Olmsted Exhibit Celebrates Utica’s Natural Landscape


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Fort-Proctor-Park-Staircase.-Photo-Richard-WalkerIn the early 20th century, Frederick Law Olmsted, Jr. (1870-1957) and Thomas R. Proctor (1844-1920) led the way in the transformation of the Utica landscape, creating beautiful and naturalistic recreational spaces that provided escapes from the city and enhanced the quality of life for its inhabitants.

“A Century of Olmsted: Utica and Beyond,” on view August 14 through January 4 at the Munson-Williams-Proctor Arts Institute, is the first exhibition to explore the creation of some of Utica’s most beautiful natural places.

During the late 19th century, American cities—stifled by their inherent industrial landscapes and high population density—incorporated park systems to provide pastoral and woodland escapes for the public’s enjoyment. The Utica parks and Parkway neighborhood stemmed from this national trend. Proctor—a prominent citizen, businessman, philanthropist, and one of the Institute’s founders—believed that the city deserved parks comparable to those in nearby urban centers. His vision manifested itself in the City of Utica’s beautification efforts directed by Frederick Law Olmsted Jr., the son of America’s most celebrated landscape architect, Frederick Law Olmsted Sr. (1822-1903).

lily pond uticaAs noted by guest curator Amanda Manahan, who wrote her Master’s thesis on the Utica parks, Utica has benefited from this series of expansive and unique parks for more than 100 years. Through period imagery and contemporary art photographs, this exhibition will explore the development of the park system (concentrating on Roscoe Conkling and F. T. Proctor Parks), the changes to the landscape over time, and the recent restoration efforts.

Contemporary photographs by artist Lee Friedlander will also accompany the exhibition. Drawn from Friedlander’s book Lee Friedlander Photographs: Frederick Law Olmsted Landscapes, the images chronicle the dramatic impact of the vision of Olmsted Sr. and how his foresight influenced his son and the parks of New York State.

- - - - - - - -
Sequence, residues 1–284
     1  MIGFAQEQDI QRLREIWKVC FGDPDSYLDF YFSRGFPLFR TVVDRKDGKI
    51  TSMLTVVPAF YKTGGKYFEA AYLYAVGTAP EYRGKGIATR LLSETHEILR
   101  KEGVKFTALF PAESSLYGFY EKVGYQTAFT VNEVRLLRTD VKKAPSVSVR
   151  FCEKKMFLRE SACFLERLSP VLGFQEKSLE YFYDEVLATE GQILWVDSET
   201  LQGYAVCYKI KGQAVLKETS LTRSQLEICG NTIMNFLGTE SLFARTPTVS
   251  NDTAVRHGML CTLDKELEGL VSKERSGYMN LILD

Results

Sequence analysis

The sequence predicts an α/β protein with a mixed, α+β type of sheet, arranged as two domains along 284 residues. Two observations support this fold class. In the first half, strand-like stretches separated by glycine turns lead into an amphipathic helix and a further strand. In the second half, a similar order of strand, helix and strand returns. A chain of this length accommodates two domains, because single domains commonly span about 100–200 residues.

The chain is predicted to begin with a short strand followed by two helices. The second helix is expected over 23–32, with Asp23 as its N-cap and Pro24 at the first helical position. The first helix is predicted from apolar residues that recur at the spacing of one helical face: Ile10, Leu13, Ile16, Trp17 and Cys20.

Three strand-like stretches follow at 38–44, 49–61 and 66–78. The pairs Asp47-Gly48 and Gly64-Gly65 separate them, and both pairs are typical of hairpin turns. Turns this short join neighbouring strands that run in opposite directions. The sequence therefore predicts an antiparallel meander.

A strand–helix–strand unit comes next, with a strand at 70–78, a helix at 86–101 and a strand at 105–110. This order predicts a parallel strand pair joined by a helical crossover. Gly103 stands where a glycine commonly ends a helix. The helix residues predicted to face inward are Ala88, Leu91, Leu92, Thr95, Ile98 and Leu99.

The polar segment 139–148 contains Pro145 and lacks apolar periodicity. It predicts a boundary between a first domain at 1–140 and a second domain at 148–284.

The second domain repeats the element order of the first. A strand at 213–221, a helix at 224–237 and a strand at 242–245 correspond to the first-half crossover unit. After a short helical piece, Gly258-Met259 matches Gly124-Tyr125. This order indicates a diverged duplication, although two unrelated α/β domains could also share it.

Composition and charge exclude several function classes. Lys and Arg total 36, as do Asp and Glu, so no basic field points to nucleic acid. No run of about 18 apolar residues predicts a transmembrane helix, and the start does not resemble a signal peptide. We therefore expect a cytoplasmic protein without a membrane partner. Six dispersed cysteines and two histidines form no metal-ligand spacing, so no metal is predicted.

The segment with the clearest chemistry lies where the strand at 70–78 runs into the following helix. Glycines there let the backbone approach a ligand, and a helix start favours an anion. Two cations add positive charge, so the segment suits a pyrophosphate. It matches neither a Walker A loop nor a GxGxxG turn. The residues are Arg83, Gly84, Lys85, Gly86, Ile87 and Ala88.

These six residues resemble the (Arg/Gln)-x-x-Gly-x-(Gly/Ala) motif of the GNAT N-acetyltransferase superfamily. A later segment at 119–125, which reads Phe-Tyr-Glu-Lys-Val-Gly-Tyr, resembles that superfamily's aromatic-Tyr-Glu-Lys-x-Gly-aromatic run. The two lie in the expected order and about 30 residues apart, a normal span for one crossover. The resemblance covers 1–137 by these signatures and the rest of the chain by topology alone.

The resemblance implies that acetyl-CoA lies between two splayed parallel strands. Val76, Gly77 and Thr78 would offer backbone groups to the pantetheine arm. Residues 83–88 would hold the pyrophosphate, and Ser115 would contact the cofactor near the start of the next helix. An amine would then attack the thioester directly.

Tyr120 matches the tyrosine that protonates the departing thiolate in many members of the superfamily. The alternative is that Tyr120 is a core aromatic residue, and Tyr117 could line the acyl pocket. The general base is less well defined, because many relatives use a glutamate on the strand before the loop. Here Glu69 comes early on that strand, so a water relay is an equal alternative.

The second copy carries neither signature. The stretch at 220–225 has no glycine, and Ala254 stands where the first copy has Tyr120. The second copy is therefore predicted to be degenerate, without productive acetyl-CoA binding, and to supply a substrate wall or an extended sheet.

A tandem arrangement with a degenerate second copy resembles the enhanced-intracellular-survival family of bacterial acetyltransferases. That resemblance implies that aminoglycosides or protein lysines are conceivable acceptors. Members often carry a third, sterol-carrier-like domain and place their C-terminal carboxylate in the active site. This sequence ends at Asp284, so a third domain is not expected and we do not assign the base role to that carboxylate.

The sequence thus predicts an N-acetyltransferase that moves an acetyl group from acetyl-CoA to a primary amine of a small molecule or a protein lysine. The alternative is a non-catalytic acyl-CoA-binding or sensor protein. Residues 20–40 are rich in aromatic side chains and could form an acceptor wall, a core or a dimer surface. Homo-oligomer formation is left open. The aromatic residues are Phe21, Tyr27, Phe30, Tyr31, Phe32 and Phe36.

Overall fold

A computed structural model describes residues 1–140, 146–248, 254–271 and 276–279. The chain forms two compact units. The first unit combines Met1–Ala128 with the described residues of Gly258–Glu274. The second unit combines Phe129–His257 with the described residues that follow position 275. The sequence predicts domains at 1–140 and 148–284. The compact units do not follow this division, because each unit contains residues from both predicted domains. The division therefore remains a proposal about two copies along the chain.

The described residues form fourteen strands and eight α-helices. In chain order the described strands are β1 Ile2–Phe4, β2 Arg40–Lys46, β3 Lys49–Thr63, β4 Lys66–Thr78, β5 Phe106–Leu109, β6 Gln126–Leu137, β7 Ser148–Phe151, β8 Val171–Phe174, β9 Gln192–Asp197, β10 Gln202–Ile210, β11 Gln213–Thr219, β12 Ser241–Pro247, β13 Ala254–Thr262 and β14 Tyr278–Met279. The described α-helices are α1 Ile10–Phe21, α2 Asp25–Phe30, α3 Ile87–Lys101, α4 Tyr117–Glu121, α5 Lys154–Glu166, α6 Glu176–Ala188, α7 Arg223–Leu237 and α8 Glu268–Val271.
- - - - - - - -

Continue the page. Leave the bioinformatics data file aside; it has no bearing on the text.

Visitors are invited to celebrate Utica’s Parks at the Opening Reception for A Century of Olmsted: Utica and Beyond on Thursday, August 14, from 5 to 7 p.m at the Museum of Art, Fountain Elms; there will be brief remarks in the exhibition gallery at 5:30 p.m. The event is free and open to the public.

Utica Parks Historic Walking Tour
Meander Along Century-Old Pathways in F.T. Proctor Park
Saturday, August 30, 10 a.m.
Amanda Manahan, Guest Curator for A Century of Olmsted: Utica and Beyond
Katechen Cardamone, Historic Landscape Designer, Central New York Conservancy
$10 MWPAI Members; $15 General Admission
Preregistration is required, space is limited.
Meets at F.T. Proctor Park
Parking available in the F.T. Proctor Parking lot off of Rutger Street.

In the early twentieth century, the Proctor family and the Utica Improvement Board contacted the Olmsted Brothers Landscape Architecture firm to design green spaces in Utica. In this walking tour, Amanda Manahan and Katechen Cardamone discuss how Frederick T. Proctor Park, the “crown jewel” of the Utica parks, demonstrates a balance of aesthetics, naturalism, and functionality and how the landscape has evolved to reflect changes in society’s sense of aesthetics, function, and purpose. The tour will also highlight the continuing work of the Central New York Conservancy to restore and preserve this historic treasure.

Photo above: The Fort Proctor Park Staircase (Photo by Richard Walker).

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